Friday, June 27, 2003

i have a few more pictures i've been meaning to post and have just discovered while cleaning out stuff here at work. behold the leftover shots of brussels:

the flags of the european union

it tastes even better than it looks.

mussels from brussels

and a leftover pix from my belfast trip:

belfast castle

that's all the photos i have available for posting. i will definitely create a proper photo album off my website when i return to LA and get situated. i've got close to 300 shots already stored on the digital, so it'll be an intense slideshow. i'm also worried i won't be able to post any photos while i'm traveling, unless the internet cafes i happen upon in europe come equiped with firewire cables, which i highly doubt. i will give it a shot, though. but for now, this appears to be the end of the photo portion of our program. the photo caption contests will also have to be suspended. boo-hoo.
well, today is my last day at VOA London. it's a bittersweet occasion. i've learned oodles here that i can apply elsewhere, and i've produced some much-needed clips that i can show to potential bosses and say: "see, i am a journalist. i've done reporting and stuff." i've really liked the people at the office, especially my boss, Al, who's been a wonderful and patient teacher.

BUT, i must say i'm fairly stoked to be entering the next phase of my summer in europe. and i hope all of you will stay with me as we mix up the programming here at The Milla Times and begin our broadcast of "12 cities, 10 countries, 21 days." here is the list of cities we will be visiting on our journey: paris, brussels, amsterdam, cologne, berlin, prague, budapest, vienna, venice, barcelona, seville, albufeira (last one's in portugal). now, if you have friends i can rent in these cities or have sound advice on where to go, and where definitely NOT to go in these cities (especially on the cheap), please email me. i hope i can still do plenty of updating here, but i'm guessing that my posts will likely be less frequent and more hurried while i'm on the road.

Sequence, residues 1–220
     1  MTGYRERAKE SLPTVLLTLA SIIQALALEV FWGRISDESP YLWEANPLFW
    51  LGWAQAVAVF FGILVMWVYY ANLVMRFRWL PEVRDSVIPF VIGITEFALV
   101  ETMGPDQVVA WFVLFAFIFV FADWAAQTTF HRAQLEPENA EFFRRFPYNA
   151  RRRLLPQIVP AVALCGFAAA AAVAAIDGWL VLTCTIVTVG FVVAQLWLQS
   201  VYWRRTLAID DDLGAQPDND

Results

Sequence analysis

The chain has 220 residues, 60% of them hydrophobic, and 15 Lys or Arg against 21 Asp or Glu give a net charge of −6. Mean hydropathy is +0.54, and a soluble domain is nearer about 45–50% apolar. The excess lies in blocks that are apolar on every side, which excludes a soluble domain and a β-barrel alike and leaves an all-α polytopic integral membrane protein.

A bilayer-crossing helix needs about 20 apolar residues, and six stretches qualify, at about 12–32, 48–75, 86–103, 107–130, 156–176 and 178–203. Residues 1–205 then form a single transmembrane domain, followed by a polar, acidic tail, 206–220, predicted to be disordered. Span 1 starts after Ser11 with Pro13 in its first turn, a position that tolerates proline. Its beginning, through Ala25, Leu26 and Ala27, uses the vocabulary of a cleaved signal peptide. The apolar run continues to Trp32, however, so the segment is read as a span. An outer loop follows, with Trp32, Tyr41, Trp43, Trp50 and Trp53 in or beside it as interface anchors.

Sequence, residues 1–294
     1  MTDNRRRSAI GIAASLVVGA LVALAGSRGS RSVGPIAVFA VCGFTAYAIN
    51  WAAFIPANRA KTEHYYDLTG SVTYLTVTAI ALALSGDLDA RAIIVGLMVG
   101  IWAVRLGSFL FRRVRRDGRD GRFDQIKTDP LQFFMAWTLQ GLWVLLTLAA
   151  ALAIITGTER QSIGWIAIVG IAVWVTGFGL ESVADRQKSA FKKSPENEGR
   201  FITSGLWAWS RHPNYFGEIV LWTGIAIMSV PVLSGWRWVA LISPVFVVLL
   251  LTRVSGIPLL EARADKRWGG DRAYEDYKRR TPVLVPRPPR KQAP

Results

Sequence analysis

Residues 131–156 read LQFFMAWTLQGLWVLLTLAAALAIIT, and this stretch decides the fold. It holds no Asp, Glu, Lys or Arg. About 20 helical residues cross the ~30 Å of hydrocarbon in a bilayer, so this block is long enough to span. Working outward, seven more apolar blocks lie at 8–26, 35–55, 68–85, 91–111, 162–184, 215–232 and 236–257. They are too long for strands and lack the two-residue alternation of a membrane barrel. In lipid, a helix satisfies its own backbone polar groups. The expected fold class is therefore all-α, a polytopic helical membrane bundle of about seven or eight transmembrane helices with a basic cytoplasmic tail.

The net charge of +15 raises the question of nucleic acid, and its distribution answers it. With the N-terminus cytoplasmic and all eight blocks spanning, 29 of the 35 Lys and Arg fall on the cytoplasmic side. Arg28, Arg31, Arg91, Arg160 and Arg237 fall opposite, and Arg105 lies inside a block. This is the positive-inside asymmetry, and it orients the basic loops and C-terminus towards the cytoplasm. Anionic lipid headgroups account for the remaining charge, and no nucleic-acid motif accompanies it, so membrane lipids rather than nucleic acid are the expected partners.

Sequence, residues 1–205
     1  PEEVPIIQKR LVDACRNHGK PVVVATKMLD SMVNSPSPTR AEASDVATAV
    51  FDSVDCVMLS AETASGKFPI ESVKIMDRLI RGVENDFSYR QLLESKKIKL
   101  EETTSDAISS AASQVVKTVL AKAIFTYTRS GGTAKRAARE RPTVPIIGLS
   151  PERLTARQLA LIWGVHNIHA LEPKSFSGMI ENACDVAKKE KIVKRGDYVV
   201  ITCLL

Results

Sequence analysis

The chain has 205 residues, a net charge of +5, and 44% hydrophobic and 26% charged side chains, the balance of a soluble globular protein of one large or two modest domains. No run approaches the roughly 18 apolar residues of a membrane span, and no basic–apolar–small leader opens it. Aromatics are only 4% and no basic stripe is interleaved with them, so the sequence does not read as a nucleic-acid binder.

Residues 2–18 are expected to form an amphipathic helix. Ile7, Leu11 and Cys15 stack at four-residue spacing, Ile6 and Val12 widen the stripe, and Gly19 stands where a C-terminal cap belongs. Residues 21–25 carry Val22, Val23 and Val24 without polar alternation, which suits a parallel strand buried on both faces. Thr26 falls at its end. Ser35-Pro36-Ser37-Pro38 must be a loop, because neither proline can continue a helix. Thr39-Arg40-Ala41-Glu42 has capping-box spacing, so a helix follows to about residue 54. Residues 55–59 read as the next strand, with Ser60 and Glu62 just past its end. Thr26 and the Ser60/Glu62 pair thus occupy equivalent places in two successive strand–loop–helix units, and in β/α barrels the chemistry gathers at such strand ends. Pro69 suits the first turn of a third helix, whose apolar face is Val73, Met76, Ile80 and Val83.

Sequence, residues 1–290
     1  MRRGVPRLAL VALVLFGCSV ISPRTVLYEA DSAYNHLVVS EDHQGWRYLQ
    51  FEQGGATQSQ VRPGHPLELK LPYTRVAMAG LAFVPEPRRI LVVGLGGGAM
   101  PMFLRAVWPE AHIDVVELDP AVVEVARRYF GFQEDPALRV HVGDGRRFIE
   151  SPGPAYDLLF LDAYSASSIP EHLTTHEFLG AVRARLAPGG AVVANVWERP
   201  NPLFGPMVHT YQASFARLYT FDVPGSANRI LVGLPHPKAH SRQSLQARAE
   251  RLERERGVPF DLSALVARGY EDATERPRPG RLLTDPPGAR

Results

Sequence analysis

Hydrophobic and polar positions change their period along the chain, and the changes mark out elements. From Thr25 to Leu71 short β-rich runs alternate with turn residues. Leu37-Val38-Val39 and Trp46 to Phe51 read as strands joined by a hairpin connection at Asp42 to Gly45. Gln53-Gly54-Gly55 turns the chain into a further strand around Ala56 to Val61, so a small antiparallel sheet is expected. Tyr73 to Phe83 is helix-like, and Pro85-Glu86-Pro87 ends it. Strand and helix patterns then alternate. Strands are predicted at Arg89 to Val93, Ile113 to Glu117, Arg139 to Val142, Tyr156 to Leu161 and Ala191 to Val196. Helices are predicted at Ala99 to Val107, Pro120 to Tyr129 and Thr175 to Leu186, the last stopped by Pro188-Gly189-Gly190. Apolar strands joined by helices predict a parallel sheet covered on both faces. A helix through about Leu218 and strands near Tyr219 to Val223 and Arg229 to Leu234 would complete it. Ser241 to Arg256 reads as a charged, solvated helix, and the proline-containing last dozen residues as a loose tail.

all this wonderfulness will begin july 4, american independence day (and i think france's bastille day, which should make stop 1 in paris fun). i will be spending next week in cromer, england, a tiny coastal town in the northeast, where i have a hot date with the 5th harry potter book. this is on my parents' time share exchange. it'll be a much-needed week of R&R for me, considering the hectic year i've had, and i hope to squeeze in a day trip to edinburgh too.

so yesterday was my birthday. i turned 21, thank you very much, and thanks to all who sent kind e-greetings. my adoring boyfriend -- who i shall refer to from here on out as pablo, pabs, sugarbear or jackass, depending on my mood and his behavior -- came into town on the 25th, so he was able to join in on last night's festivities, which saw myself and my friends here getting drunk. good fun was had by all. we began the night at 7pm with the class' last meeting (yes, even though i've been working, i've been earning units and attending a weekly class). so i got to say goodbye to my great professor (bye judith!) and all the other people on my program, and then headed to a moroccan bar in the soho area, where we drank mint tea and took a few tokes off a hookah. then to another pub for a few more glasses of wine and loud conversation and then home. many thanks to my four kind roomies who surprised me with gifts that included: thong underwear, chocolate-flavored rolling papers and an ashtray, a book i really wanted, and a wooden frog from prague. speaking of my kind roomies, here's a picture of them i've been meaning to post. unfortunately, tania's not in this one. she likely became annoyed with us and splintered away from the group when this picture was taken, as she often does. but here are the rest of the bitches.

from left to right: ya-lei, me, melissa, als

Thursday, June 26, 2003

today's photo essay should have probably been published yesterday since timeliness is a central tenet of this whole news business, but i didn't have my photos ready for posting (thanks for putting them up, juancho!), so you'll have to accept my apologies for the delay.